public final class Uuids extends Object
The algorithm to generate time-based UUIDs roughly follows the description in RFC-4122, but with the following adaptations:
"com.datastax.oss.driver.PID"is set then the value to use as a PID will be read from that property;
POSIX.getpid()is possible, then the PID will be read from that call;
RuntimeMXBean, since most JVMs tend to use the JVM's PID as part of that MXBean name (however that behavior is not officially part of the specification, so it may not work for all JVMs);
|Modifier and Type||Field and Description|
The system property to use to force the value of the process ID ("com.datastax.oss.driver.PID").
|Modifier and Type||Method and Description|
Creates a "fake" time-based UUID that sorts as the biggest possible version 1 UUID generated at the provided timestamp.
Creates a new random (version 4) UUID.
Creates a "fake" time-based UUID that sorts as the smallest possible version 1 UUID generated at the provided timestamp.
Creates a new time-based (version 1) UUID.
Returns the Unix timestamp contained by the provided time-based UUID.
@NonNull public static UUID random()
This method is just a convenience for
@NonNull public static UUID timeBased()
UUIDs generated by this method are suitable for use with the
type. In particular the generated UUID includes the timestamp of its generation.
Note that there is no way to provide your own timestamp. This is deliberate, as we feel that this does not conform to the UUID specification, and therefore don't want to encourage it through the API. If you want to do it anyway, use the following workaround:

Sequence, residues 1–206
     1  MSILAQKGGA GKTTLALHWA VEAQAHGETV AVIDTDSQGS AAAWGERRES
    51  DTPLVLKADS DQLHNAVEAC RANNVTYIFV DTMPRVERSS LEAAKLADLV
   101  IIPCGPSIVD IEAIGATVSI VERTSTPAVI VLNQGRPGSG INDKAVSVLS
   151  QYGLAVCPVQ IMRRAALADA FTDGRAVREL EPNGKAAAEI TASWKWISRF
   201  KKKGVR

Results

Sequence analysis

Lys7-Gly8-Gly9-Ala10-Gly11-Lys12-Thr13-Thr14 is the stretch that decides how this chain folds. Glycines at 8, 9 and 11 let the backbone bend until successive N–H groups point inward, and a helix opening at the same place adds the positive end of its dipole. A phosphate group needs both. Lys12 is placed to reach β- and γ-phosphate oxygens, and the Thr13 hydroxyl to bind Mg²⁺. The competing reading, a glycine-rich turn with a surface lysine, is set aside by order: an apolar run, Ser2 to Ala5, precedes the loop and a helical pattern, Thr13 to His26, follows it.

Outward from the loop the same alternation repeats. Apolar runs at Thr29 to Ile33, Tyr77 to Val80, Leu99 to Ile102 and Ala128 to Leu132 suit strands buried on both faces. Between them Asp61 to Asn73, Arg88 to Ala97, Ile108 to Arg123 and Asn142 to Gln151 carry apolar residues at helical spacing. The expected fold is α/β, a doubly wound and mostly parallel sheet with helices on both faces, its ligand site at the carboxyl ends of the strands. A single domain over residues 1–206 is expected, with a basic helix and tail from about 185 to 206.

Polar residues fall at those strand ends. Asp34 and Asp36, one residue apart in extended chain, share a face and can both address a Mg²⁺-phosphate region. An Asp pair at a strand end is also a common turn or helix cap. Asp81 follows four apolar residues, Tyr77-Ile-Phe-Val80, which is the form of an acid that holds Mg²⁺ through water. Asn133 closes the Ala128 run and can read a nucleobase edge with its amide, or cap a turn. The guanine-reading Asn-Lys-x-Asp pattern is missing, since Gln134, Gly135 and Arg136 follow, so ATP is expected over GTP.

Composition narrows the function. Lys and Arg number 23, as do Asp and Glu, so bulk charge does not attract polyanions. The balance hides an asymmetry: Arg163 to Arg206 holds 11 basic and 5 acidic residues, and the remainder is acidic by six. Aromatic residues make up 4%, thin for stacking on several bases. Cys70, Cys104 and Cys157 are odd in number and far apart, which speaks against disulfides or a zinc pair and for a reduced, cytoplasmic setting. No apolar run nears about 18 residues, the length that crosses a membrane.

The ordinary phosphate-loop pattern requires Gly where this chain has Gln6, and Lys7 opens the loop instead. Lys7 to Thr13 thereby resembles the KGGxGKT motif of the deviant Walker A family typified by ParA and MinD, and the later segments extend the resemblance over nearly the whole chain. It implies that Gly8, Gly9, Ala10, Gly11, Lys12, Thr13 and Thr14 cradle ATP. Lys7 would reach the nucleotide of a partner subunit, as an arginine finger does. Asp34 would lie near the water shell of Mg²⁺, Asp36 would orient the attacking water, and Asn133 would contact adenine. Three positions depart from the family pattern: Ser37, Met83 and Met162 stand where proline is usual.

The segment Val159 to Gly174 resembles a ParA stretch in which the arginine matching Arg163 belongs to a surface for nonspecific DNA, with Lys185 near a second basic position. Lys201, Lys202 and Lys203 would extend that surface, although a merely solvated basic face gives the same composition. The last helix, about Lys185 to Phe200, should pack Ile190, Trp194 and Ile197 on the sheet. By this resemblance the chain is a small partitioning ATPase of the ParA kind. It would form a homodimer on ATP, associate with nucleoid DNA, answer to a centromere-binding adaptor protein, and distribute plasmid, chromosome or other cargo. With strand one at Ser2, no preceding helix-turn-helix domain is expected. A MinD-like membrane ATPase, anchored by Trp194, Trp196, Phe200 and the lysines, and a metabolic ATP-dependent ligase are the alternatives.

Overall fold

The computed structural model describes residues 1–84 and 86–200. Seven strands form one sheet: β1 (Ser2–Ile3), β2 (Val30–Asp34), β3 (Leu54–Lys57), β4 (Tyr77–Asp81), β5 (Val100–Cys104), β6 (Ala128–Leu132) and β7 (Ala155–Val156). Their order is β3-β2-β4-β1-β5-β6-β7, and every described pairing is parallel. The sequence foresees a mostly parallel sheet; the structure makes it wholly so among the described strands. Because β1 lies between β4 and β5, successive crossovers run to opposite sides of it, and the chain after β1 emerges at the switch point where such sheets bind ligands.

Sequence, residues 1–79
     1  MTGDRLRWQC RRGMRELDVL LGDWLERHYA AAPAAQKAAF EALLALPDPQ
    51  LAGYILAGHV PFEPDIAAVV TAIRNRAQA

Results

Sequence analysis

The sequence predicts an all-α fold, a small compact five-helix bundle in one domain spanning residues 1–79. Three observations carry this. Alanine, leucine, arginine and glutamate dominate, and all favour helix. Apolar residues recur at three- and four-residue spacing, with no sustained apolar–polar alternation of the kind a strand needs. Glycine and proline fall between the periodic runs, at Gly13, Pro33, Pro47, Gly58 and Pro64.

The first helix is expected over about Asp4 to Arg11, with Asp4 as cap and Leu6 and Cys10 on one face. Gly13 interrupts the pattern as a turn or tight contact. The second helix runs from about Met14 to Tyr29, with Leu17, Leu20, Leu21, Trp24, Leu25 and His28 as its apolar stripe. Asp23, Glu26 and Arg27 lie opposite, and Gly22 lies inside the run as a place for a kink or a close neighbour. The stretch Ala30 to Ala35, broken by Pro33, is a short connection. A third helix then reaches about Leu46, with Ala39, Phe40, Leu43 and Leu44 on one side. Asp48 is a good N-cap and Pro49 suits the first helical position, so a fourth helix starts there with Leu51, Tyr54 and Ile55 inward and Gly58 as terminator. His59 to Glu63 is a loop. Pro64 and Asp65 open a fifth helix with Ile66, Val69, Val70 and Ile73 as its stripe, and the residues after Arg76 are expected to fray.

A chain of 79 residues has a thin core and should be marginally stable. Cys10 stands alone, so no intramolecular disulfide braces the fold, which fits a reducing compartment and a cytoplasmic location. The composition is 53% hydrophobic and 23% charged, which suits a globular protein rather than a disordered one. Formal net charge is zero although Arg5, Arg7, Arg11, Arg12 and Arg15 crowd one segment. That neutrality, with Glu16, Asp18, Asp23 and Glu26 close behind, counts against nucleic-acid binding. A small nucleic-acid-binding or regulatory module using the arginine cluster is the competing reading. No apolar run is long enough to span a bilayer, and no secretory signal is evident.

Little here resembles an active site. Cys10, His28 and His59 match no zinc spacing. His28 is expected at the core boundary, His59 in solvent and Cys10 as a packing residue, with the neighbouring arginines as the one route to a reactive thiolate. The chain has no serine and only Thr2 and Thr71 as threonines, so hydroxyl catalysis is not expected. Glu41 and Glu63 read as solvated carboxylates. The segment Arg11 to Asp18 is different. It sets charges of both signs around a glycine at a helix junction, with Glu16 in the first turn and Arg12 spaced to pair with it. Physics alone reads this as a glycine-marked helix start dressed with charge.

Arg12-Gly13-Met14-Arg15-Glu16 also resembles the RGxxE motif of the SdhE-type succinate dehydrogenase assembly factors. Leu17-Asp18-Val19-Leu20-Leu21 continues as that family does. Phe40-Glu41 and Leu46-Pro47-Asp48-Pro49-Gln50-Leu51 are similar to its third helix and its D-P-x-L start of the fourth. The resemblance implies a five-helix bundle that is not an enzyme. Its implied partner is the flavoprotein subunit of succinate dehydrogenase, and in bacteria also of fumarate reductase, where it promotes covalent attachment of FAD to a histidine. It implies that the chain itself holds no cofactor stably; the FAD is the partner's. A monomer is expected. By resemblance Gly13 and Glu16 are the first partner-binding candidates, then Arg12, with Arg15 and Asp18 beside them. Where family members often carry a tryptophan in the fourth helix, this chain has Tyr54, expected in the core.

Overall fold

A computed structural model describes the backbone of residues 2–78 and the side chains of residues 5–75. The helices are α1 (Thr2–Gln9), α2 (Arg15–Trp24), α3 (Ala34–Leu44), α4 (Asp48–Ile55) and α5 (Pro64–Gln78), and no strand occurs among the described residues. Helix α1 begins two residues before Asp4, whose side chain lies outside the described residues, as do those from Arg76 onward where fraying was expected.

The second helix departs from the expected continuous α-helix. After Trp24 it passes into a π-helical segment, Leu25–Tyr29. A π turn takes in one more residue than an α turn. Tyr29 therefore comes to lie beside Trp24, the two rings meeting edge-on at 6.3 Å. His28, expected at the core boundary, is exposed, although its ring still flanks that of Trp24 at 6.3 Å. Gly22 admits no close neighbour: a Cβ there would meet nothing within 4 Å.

Random random = new Random(); UUID uuid = new UUID(UUIDs.startOf(userProvidedTimestamp).getMostSignificantBits(), random.nextLong());If you simply need to perform a range query on a
timeuuidcolumn, use the "fake" UUID generated by
@NonNull public static UUID startOf(long timestamp)
Such created UUIDs are useful in queries to select a time range of a
The UUIDs created by this method are not unique and as such are not suitable
for anything else than querying a specific time range. In particular, you should not insert
such UUIDs. "True" UUIDs from user-provided timestamps are not supported (see
timeBased() for more explanations).
Also, the timestamp to provide as a parameter must be a Unix timestamp (as returned by
Date.getTime()), and not a count of
100-nanosecond intervals since 00:00:00.00, 15 October 1582 (as required by RFC-4122).
In other words, given a UUID
uuid, you should never call
startOf(uuid.timestamp()) but rather
Lastly, please note that Cassandra's
timeuuid sorting is not compatible with
UUID.compareTo(java.util.UUID) and hence the UUIDs created by this method are not necessarily lower bound for
that latter method.
timestamp- the Unix timestamp for which the created UUID must be a lower bound.
timeuuidsorting) UUID of
@NonNull public static UUID endOf(long timestamp)
startOf(long) for explanations about the intended usage of such UUID.
timestamp- the Unix timestamp for which the created UUID must be an upper bound.
timeuuidsorting) UUID of
public static long unixTimestamp(@NonNull UUID uuid)
This method is not equivalent to
UUID.timestamp(). More precisely, a version 1 UUID
stores a timestamp that represents the number of 100-nanoseconds intervals since midnight, 15
October 1582 and that is what
UUID.timestamp() returns. This method however converts
that timestamp to the equivalent Unix timestamp in milliseconds, i.e. a timestamp representing
a number of milliseconds since midnight, January 1, 1970 UTC. In particular, the timestamps
returned by this method are comparable to the timestamps returned by
uuidis not a version 1 UUID.
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